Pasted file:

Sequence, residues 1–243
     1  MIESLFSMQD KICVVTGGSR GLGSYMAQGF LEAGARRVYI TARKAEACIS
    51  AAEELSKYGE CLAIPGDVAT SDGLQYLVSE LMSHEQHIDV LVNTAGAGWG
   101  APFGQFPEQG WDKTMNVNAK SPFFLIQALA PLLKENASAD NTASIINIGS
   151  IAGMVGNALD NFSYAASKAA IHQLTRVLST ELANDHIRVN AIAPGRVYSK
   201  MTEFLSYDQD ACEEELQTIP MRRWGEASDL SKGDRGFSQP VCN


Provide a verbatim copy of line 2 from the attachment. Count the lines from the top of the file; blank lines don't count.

     1  MIESLFSMQD KICVVTGGSR GLGSYMAQGF LEAGARRVYI TARKAEACIS